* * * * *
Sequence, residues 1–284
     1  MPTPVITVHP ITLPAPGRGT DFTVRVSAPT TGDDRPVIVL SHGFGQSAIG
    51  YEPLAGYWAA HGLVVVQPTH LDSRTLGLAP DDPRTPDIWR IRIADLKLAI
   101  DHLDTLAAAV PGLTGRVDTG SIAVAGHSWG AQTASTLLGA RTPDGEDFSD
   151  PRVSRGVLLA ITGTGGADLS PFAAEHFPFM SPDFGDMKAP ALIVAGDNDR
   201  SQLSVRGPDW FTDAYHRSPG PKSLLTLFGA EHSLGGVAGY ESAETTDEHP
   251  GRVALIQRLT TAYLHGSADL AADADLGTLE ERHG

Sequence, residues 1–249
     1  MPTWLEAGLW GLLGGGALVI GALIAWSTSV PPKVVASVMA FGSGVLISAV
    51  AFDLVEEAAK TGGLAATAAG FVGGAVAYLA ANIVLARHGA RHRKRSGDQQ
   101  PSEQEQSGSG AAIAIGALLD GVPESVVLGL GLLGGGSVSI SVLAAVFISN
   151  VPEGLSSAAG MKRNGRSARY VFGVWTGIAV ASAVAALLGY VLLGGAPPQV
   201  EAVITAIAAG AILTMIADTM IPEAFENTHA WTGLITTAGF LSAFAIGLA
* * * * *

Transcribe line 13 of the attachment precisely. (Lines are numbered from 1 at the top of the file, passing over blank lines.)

   201  EAVITAIAAG AILTMIADTM IPEAFENTHA WTGLITTAGF LSAFAIGLA